As a city port, Myeik is also a big fishing town and they have a huge fish drying neighbourhood. In the afternoon of this first day trip I have the chance to witness the process of drying fish. It is an adventure, as interesting as smelly, that includes even the processing of huge manta rays.
To end the afternoon and before the sun sets, we head to a broom factory where I saw the skills of young women making tones of different kinds of brooms that are afterwards sent to the rest of the country and exported elsewhere.
For dinner, I recommend to go to the street restaurants that pop up at night in Strand road, right on the river front, a popular place for barbecue, specially during the dry season. They were happy to grill the lobster I had previously bought, adding up some local side dishes that the group I was with ordered. We all loved it!
On the second day and before the sun rises, I am out again. First to the port and once on board, we navigated upriver to the old village of Thanintharyi. Breakfast was served on board while the sun was rising and brightening the horizon. The changing of colours in the sky at this time is a beautiful scene that continues every single morning during this time of the year in this region.
The dark purples getting lighter as the night fades and the intense yellows, pinks and oranges of the opposite side of the horizon contrast with the vivid green of the luxuriant vegetation that the shadows are unveiling as it gets brighter on both banks of the river.
By lunch time we’d arrived to Thanintharyi, the ancient capital of the region, where still a few signs from those glorious time remain. I was extremely lucky for having this trip planned during the full moon of Thadingyut, since during this festival popular dragon boat races are organized. It’s a unique show that happens only once a year.
A later walk around town showed the different style in which houses are built here. The visit ended getting to the suburbs where we could still see parts of the old walls that once surrounded the whole city.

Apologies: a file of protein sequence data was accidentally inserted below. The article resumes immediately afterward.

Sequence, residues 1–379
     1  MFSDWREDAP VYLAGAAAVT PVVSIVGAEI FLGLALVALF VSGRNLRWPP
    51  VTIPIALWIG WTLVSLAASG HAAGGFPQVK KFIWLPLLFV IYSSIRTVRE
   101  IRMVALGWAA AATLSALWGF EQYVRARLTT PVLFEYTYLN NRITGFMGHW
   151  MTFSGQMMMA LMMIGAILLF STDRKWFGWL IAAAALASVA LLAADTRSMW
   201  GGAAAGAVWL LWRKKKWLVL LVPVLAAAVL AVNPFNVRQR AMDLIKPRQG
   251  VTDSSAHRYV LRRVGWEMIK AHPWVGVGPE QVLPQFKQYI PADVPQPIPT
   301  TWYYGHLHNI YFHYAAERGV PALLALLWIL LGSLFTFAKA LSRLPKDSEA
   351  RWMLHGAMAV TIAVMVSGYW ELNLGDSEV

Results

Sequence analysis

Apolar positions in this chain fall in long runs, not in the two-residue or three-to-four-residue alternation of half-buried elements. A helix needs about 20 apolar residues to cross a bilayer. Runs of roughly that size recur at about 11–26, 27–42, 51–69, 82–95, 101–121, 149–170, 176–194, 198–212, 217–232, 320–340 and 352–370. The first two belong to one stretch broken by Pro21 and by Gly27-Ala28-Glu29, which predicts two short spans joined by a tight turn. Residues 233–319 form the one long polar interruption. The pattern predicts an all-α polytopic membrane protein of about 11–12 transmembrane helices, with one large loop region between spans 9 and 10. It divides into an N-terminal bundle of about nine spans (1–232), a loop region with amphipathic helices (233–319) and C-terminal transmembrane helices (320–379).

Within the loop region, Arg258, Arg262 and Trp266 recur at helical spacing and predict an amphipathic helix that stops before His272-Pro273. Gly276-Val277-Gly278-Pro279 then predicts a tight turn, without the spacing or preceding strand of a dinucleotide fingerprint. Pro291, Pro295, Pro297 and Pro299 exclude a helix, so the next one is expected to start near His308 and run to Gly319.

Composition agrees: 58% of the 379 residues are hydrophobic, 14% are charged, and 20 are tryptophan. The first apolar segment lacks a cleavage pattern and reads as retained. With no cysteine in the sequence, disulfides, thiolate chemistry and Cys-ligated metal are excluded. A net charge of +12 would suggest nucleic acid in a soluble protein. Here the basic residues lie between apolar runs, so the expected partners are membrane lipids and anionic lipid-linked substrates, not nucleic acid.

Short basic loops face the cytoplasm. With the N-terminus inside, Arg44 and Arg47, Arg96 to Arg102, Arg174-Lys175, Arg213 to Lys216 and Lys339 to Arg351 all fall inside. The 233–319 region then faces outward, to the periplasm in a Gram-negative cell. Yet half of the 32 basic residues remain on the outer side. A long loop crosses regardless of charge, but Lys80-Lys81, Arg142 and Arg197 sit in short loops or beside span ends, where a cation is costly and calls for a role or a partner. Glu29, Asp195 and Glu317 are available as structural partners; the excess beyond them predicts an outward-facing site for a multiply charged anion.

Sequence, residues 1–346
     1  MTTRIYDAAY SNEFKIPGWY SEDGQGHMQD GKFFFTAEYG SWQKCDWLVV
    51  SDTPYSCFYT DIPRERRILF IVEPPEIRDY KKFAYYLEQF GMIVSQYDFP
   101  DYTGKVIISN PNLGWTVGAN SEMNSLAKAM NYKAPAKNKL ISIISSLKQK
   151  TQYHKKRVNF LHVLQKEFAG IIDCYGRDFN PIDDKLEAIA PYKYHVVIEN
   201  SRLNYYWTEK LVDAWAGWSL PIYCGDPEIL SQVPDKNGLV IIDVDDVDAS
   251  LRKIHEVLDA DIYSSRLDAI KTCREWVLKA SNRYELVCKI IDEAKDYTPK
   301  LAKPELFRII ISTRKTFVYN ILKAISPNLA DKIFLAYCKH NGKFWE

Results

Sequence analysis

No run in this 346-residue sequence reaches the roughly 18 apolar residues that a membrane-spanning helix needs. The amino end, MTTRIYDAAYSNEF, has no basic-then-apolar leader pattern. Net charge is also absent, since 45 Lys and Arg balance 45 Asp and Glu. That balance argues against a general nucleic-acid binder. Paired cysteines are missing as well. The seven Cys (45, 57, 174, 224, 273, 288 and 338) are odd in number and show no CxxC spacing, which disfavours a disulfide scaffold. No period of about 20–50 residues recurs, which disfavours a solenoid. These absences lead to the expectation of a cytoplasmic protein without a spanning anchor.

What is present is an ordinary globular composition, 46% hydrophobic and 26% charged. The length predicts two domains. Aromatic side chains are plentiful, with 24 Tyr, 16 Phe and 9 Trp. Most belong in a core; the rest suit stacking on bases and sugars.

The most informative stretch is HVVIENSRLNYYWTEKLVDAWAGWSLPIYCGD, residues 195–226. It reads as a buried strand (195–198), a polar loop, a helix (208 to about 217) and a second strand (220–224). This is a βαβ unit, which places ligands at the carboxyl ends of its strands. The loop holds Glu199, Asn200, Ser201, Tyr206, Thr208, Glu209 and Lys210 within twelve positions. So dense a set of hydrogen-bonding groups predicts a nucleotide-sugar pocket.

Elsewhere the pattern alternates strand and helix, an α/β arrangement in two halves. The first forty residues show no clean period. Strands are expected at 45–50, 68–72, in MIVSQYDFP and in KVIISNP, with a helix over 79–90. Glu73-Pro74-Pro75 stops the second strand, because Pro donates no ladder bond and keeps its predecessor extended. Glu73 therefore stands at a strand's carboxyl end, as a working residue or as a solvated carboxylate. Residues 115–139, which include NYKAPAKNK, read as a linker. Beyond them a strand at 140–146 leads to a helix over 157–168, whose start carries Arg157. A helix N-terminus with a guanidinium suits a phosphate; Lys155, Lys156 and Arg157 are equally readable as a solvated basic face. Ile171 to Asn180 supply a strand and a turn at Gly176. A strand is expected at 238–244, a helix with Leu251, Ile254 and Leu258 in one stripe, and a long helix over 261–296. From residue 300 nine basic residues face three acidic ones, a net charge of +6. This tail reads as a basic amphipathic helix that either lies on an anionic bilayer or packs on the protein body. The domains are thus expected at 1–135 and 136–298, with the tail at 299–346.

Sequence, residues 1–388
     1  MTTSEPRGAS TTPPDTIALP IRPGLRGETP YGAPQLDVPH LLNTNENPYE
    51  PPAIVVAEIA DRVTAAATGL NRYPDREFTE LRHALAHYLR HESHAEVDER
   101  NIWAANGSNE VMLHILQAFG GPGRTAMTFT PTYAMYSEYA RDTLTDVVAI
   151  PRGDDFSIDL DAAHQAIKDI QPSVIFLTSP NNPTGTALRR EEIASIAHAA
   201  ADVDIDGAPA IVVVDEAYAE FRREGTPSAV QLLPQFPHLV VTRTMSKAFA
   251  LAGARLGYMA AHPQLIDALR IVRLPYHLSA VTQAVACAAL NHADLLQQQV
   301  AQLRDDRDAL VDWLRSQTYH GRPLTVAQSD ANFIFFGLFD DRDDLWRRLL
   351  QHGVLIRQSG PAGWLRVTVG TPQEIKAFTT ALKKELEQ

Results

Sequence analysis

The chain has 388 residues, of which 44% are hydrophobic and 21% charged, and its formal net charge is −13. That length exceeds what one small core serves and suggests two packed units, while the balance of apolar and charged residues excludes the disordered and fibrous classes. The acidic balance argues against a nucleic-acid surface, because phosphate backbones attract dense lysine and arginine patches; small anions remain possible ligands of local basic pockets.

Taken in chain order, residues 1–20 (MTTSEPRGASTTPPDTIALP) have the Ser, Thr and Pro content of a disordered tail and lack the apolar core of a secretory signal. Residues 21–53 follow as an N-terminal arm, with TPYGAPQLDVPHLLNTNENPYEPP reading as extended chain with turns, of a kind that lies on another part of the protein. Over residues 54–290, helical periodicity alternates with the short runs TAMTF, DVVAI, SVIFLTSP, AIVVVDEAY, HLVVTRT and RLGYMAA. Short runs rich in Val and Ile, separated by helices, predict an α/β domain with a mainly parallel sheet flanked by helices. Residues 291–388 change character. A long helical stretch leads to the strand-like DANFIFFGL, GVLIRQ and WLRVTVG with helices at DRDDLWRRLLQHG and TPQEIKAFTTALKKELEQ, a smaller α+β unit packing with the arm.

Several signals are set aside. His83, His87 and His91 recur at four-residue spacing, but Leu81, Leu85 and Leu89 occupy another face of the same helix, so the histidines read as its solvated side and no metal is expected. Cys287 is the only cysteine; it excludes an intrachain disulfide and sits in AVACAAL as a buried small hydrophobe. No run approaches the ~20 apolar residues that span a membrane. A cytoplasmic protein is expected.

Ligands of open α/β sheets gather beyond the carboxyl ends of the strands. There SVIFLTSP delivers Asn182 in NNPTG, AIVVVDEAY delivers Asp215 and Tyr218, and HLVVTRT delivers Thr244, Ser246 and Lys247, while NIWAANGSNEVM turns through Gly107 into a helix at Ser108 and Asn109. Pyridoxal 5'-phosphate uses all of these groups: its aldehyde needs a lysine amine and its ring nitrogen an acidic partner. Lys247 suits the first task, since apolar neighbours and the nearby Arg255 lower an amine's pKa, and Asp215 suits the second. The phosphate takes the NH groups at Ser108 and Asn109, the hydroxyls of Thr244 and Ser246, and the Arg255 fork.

Finally, on our way back, we made a well worth last stop at the Thanintharyi monastery, where a little museum displays coins, tools and different objects found at archaeological sites around the region.
Day 3 (part II of the trip, the Mergui archipelago)
Myeik and Thanintharyi were interesting enough to make the trip worth it, but they also keep an ace up their sleeve. Myeik is one of the two spring boards to the Mergui archipelago, a lost paradise of Myanmar, a group of around 800 beautiful islands and islets with gorgeous beaches and untapped potential for eco-tourism.
And while most of the tours to this region offer staying on board for the night while sailing around, most of the people come here to dive… But with our tour we stayed camping out in one of the islands. It was a great experience, far from luxury, but much more worth it than a 5 stars hotel. We stayed in portable tents and to warm up at night we lit a bonfire which we all gathered until the wee hours of the morning drinking, laughing and telling stories to wake up the following morning listening to bird songs.
Travelling is all about collecting memories, so for this reason on the way to the island we stopped at Pin Zin village to discover how local people live in a village of the mangrove area. Here we had the chance to witness how “ngapi” is made, the famous strong Myanmar fish paste, that rare delicacy that the country is proud to export.